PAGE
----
Moritz Thomsen (1915-1991) was one of the great American expatriate writers of the 20th century. Period. A soft-hearted cuss, a man of almost insufferable integrity, a lousy farmer and a terrific writer, his books have long since been smothered by the avalanche from megapublishers (yet remarkably, three of his titles remain in print). Although all his works could be considered travel memoirs imbued with a sense of place, his third book, The Saddest Pleasure, embodies some of the very finest elements of the genre: constant doubt, a meddlesome nature and a disregard for nationalism. (The book's title comes from a line in Paul Theroux's novel, Picture Palace: "Travel is the saddest of the pleasures.") Thomsen, who stayed in Ecuador following his mid-1960s Peace Corps stint, pledged allegiance to nothing except his station as an expatriate. And as an expat, he was free to judge us all, an undertaking he finessed with acute observations, self-deprecation, and a flavorful frame of reference that ranged from a Tchaikovsky symphony to a Sealy Posturpedic mattress.
Inquisitiveness. Yes. In The Art of Travel, a book worth staying home for, Alain de Botton quotes Alexander von Humboldt's childhood curiosity: "Why don't the same things grow everywhere?" And as children, we might also ask, "Why doesn't everyone look the same?" "Why don't we all speak the same language?" Or, to quote Rodney King's adult exasperation, "Can't we all just get along?" It is these pure and simple questions of innocence that should accompany travel writers, not iPods, Palm Pilots, cell phones or laptops. Travel with paper and pen, a book, maybe a bilingual dictionary. Ask the questions a child might.
In the late 1970s, I advanced a notion that the U.S.-Mexico frontier was really a third country, 2,000 miles long and 20 miles wide, and went about testing it. I had little awareness of travel writing, but when my book about the borderland came out in 1981, reviews invariably referred to it as travel literature, a category I had never really considered.
Reviewers anointed me a travel writer; I didn't choose the label. Others have recoiled at the identity. "I detest the term," Jonathan Raban told the Chicago Tribune. Eddy L. Harris insisted to the same newspaper: "I'm not a travel writer. Absolutely not." Although I've openly embraced it, the name sometimes makes me uncomfortable, too. It's as if travel writing was considered a second-tier calling--"nonfiction lite."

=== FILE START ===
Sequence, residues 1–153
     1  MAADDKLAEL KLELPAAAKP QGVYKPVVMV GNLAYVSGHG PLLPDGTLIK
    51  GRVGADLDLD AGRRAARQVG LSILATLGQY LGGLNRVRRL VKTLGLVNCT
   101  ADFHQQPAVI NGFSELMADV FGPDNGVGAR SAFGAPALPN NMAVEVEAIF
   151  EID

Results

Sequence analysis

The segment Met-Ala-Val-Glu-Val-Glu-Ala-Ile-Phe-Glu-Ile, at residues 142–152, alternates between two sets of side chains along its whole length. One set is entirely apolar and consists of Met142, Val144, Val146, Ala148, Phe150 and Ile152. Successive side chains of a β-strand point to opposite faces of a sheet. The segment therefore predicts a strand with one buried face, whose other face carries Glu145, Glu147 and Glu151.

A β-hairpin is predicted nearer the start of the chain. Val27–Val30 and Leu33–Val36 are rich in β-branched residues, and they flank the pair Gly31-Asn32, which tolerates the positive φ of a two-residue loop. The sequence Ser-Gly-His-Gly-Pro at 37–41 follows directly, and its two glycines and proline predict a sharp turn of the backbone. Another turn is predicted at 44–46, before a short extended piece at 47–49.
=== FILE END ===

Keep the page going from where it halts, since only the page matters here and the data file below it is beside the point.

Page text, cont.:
Yet surely as buses plunge off Peruvian mountainsides and Norwegian freighters collide with Liberian tankers, the basic ingredients of formula travel writing will endure. Henry Miller succumbed. When he lived in Paris, Miller wrote the odd travel piece for a friend's publication. "They were easy to do, because I had only to consult the back issues and revamp the old articles," he wrote in Tropic of Cancer. "The principal thing was to keep the adjectives well-furbished." Be skeptical of writers who talk of snow-capped peaks, bustling marketplaces where the beadwork is always intricate, and shy but friendly natives. (You'd shy away, too, if foreigners constantly accosted you, cameras, notepads and tape recorders at the ready.) The essayist who calls a town quaint, the plaza charming or the streets teeming has no literary imagination. Distrust any writing that opens with a quote from a cabby or closes with one from a bartender.
My favorite travel accounts all have an unspoken subtext. They are full of polemic, prejudice, adversity; revelation, conquest, triumph. What the best travel writing so elegantly accomplishes is first-person sociology, economics, anthropology, history, geography, politics, biology, cultural studies, even criminology. Their refreshing honesty reveals a world of surprising love and disappointing fools, unforeseen circumstance and invigorating challenges. They are not prone to niceties, either. "Somebody must trespass on the taboos of modern nationalism," wrote Robert Byron in The Road to Oxiana, defending travelers whose writings insult their hosts. "Business can't. Diplomacy won't. It has to be people like us."
The finest travel writing gets under the skin of a locale to sense its rhythm, to probe its contours, to divine a genuine understanding. We shed pre-, mal-, and misconceptions about a land, then sneak up on it and develop our own prejudices. It's difficult to parachute into a setting for just a few days and emerge with confident, intelligent writing. I am often envious and always bewildered by writers such as Joan Didion who spent two weeks in El Salvador and emerged with a most respectable book about that country at war, or Andrei Codrescu, who did a fly-by over Cuba and crash-landed with Ay, Cuba!
Travel literature usually consists of writers from industrial countries visiting far-less-developed lands. (For a memorable variation to this regrettable state of affairs, read An African in Greenland, by Tète-Michel Kpomassie from the 1980s; or, from a century earlier, read the Cuban José Martí's essays on life in the States.) Not surprisingly, there is little tradition of homegrown travel literature in Namibia, Belize or the Ukraine. Many countries publish anthologies of outsiders looking in at them, curious visitors who never quite unpacked their bags. In Notes of a Villager, the Mexican author José Rubén Romero laments, "Our country is like a cow fallen over a cliff, rich in spoils for the crows of other nationalities."
As an unrepentant crow from another nationality, I have enthusiastically picked at the rich spoils the world has lain bare. And I always go back, because somewhere in the world, another cow is always falling over another cliff.